Regular readers of this blog may know that I make braised chicken as often as I can. Fortunately most cuisines around the world — including some of my favorites like Chinese, Vietnamese, Filipino — have at least one or two braised chicken dishes that have starring roles.
Today we'll look at Country Captain, a southern braised chicken dish that may or may not have had Indian origins.
As one story goes, this dish of chicken slow-cooked in tomato sauce and curry came from Savannah, Georgia, a major shipping port for the spice trade. It was rumored that a British sea captain who arrived from Bengal, India, introduced it around Savannah. The spiced tender chicken, with some almonds for crunch and currants for sweetness, became a dish synonymous with the Lowcountry cooking of Georgia.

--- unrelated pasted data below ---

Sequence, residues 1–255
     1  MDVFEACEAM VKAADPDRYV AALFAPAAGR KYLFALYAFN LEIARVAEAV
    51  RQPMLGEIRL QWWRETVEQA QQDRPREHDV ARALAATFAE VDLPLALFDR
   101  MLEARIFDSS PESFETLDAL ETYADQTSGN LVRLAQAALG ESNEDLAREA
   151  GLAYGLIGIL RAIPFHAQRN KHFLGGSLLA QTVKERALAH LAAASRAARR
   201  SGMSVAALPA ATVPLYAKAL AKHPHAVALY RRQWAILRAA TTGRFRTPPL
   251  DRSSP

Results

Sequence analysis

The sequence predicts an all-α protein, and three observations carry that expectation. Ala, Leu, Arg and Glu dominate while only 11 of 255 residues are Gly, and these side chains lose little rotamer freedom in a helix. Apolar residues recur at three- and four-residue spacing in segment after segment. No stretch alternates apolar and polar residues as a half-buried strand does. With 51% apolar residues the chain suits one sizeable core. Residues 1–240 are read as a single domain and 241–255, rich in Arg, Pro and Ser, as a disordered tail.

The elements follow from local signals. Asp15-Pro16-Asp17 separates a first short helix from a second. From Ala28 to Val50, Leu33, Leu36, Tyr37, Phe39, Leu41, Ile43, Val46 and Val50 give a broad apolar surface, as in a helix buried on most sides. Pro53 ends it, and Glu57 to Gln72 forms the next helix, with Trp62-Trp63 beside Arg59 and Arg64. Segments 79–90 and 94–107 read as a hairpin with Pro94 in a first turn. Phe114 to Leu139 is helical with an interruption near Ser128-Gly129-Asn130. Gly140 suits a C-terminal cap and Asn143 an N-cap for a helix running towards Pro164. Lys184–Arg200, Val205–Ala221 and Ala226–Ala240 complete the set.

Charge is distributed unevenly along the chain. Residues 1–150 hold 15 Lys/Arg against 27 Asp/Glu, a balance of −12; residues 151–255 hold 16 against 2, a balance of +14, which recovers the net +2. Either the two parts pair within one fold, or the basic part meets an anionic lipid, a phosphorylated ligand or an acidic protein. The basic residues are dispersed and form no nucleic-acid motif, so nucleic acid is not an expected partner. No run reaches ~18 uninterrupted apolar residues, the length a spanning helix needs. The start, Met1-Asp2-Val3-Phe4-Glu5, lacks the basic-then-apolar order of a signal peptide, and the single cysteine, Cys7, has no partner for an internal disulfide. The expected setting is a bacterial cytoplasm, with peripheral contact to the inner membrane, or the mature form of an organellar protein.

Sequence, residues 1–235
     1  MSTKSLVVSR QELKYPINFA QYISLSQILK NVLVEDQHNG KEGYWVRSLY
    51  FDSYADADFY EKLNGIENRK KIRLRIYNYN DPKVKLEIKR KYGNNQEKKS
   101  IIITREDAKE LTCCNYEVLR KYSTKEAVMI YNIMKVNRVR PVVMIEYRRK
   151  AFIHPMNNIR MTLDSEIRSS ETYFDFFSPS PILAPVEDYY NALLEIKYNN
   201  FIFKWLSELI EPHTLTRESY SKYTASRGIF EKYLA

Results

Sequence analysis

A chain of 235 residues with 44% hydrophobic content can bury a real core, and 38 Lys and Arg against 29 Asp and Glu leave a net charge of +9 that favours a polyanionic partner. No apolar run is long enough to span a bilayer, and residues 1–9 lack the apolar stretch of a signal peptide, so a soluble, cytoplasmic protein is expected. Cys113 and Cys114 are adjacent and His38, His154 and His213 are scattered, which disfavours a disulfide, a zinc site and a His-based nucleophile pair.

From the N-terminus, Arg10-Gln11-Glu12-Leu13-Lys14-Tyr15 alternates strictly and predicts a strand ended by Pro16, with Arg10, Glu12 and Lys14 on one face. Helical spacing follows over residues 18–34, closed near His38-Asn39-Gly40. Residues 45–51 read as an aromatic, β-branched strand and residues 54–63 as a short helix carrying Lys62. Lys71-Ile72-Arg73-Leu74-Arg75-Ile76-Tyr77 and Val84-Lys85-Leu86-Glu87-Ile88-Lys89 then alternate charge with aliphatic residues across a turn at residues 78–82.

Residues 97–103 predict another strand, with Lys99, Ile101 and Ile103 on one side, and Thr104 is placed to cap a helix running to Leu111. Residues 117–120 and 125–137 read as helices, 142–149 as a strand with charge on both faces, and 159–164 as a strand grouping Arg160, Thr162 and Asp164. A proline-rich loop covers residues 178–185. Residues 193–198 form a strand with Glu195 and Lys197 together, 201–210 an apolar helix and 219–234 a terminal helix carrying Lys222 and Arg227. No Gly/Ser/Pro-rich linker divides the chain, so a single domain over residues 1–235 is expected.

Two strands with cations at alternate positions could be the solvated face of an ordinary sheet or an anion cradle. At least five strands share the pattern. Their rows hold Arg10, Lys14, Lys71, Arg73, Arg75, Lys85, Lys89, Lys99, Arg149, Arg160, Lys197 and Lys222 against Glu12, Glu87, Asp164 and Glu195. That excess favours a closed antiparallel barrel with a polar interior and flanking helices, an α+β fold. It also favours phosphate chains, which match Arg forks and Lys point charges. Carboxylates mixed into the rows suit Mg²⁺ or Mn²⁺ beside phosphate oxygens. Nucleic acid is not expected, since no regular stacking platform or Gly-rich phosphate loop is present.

Then there are others who vehemently argue that it actually originated in Charleston, South Carolina, another spice trade port.
However, according to the New York Times, long-time food columnist Molly O'Neill had actually traced the dish back to the mid-1800s Philadelphia. How it migrated south and stayed there is anyone's guess.Read More